In Mark’s Gospel, chapter 12, verses 38 to 44, Jesus makes clear the stark contrast between the dominant ways of the world, the cultural norms, on the one hand, and on the other, his own teachings: the way of Christ. It is fascinating to note that the first Christians were not actually known as Christians, but rather “Followers of the Way”. In other words, they were the followers of the way of Christ, the teachings of Christ. Jesus’ teachings, his parables, and of course his actions, including offering himself on the cross, were in stark contrast to the ways of the world.
That contrast remains today. Although our western civilisation has been dramatically shaped by the Judeo-Christian tradition – we are much more inclusive and accepting than we would otherwise be, I think – nonetheless, we remain human beings. And human beings always have within us this struggle between light and dark, between generosity and selfishness. It is always there. We can never escape it. All we can do is wake up to it: become aware of it, of the struggle. There is an old Native American saying, attributed to the Cherokee people. A grandfather says to his young grandson, “There are two wolves within you and they are always fighting. One is darkness and despair, the other is light and hope.” The grandson asks, “Which wolf wins?” The answer comes, “The one you feed the most.”
It’s interesting how wisdom like that is shared across cultures, from Jesus of Nazareth in the Middle East to the Cherokee tribe in North America. Jesus highlights this same struggle in this reading. “‘Beware of the scribes, who like to walk around in long robes, and to be greeted with respect in the market-places, and to have the best seats in the synagogues and places of honour at banquets!” He then contrasts this with the example of the poor widow who gives so generously, even though she has little to spare.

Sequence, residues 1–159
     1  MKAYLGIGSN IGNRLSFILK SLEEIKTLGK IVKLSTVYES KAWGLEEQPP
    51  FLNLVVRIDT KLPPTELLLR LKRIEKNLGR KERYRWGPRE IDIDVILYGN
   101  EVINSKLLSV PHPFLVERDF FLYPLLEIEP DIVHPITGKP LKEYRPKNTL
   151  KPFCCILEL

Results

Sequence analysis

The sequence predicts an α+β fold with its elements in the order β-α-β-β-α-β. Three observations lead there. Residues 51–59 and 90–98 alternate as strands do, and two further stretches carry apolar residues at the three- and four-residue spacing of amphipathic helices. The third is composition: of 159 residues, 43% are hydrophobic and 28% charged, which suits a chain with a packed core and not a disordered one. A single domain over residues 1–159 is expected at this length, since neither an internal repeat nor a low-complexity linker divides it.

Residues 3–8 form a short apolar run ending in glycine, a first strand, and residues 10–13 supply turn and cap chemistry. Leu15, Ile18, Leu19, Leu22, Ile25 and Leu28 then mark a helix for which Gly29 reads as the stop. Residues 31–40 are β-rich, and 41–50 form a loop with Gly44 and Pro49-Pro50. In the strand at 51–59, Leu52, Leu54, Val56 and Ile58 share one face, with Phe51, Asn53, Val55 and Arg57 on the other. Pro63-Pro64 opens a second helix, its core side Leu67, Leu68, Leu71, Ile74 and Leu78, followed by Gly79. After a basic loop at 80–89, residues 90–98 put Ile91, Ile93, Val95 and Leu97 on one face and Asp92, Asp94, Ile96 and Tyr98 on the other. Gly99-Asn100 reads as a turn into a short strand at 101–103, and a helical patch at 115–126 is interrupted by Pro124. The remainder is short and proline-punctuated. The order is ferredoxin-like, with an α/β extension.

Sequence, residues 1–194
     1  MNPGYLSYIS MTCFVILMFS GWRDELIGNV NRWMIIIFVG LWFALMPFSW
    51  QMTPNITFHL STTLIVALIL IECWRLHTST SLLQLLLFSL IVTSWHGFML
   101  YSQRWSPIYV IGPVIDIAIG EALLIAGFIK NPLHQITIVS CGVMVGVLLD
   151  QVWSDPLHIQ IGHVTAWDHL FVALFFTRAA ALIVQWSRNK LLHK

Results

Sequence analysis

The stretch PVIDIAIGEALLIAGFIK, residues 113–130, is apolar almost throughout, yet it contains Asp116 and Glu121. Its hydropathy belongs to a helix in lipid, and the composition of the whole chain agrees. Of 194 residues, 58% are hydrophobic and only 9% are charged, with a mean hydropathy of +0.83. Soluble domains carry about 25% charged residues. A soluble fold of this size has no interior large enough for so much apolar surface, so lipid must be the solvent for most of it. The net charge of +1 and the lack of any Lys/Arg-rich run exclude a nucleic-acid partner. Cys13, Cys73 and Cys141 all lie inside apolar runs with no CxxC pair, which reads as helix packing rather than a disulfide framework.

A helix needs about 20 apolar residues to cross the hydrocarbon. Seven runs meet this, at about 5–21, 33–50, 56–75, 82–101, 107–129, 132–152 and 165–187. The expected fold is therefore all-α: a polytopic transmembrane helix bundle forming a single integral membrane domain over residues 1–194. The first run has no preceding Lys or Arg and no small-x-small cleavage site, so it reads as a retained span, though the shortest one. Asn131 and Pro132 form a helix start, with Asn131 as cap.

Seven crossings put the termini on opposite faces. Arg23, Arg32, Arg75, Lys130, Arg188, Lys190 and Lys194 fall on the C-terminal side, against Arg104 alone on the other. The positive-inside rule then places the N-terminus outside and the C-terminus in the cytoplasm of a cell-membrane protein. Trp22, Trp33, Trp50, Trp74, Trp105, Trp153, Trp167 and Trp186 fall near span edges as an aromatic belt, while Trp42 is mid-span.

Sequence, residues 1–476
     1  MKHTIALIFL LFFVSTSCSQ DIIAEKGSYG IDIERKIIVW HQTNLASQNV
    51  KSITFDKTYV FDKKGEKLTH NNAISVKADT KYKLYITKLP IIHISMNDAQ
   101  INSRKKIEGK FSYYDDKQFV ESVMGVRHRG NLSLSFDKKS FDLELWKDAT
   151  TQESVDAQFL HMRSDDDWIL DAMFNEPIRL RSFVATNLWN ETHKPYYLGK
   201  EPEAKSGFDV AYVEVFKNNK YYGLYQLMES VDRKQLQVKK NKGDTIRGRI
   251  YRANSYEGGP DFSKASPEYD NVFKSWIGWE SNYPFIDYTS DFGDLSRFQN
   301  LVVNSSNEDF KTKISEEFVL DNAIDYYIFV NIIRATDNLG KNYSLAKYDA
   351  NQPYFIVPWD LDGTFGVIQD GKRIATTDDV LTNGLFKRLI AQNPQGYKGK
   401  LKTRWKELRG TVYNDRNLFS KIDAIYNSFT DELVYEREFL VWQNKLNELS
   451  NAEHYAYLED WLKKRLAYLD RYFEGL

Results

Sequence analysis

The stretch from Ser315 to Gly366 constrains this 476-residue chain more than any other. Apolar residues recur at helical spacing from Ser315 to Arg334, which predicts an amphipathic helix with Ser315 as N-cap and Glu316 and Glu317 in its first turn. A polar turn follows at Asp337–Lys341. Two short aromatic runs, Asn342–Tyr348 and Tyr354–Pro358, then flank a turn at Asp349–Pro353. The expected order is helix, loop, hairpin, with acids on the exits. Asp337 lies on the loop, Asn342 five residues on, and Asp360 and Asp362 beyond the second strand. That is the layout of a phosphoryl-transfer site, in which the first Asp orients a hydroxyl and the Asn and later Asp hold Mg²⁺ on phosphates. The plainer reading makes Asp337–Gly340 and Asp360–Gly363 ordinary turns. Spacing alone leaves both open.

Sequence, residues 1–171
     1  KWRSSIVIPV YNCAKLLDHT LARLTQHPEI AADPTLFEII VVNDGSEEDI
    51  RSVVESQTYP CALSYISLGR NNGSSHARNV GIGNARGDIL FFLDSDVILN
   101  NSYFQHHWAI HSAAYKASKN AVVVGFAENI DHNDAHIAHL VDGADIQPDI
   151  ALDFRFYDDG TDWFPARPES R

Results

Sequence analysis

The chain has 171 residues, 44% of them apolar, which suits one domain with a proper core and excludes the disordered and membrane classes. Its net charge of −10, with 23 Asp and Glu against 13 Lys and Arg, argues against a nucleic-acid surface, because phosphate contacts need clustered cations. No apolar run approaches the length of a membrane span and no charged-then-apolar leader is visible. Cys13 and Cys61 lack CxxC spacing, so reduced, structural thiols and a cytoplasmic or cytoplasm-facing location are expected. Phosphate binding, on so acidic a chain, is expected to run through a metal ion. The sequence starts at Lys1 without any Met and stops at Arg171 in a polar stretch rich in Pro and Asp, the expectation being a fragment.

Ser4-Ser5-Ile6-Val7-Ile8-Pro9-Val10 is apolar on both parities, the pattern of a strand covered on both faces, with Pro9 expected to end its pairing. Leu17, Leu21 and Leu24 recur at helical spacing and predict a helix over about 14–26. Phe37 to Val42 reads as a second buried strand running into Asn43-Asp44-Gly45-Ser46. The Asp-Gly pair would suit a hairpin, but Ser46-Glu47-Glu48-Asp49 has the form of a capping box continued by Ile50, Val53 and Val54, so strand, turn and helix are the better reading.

Which wolf wins?
It is indeed a constant struggle. Every year I am invited to the Old Scholars’ Annual Dinner. I’m asked to say Grace and most years I’m invited to sit on the head table, at the table of honour, the best seats in the house. One year the dinner was held at Adelaide Oval and the guest speaker was going to be a very funny speaker who had a long connection with cricket at the highest level. It was promising to be a great night and I was right up the front, close to the action, on the head table. After the main course, I left the head table to go and have a quick chat with a few of the old scholars from my year group, who were sitting right up the back. While I was gone, another gentleman took my place at the head table. When I came back he was still deep in conversation, so I took another vacant seat, but that seat’s occupant soon returned, so I stood up, expecting the guy who was in my seat also to get up and return to his own seat. Except that he didn’t move! At that moment, the guest speaker got up to speak, the guy in my seat still didn’t move, and I was forced to slink right to the back of the auditorium for the entirety of the after-dinner speech. During the whole speech I could see the guy in my seat, right at the front, laughing at the speech and joking with the others on the head table. Meanwhile, for the entire speech, I was thinking, “He’s in my seat!”
It was a lesson in humility. There are two wolves fighting within us. One is darkness and despair, the other is light and hope. They will never stop fighting and they will never go away, but which one wins is up to you.
The Reverend Dr Theo McCall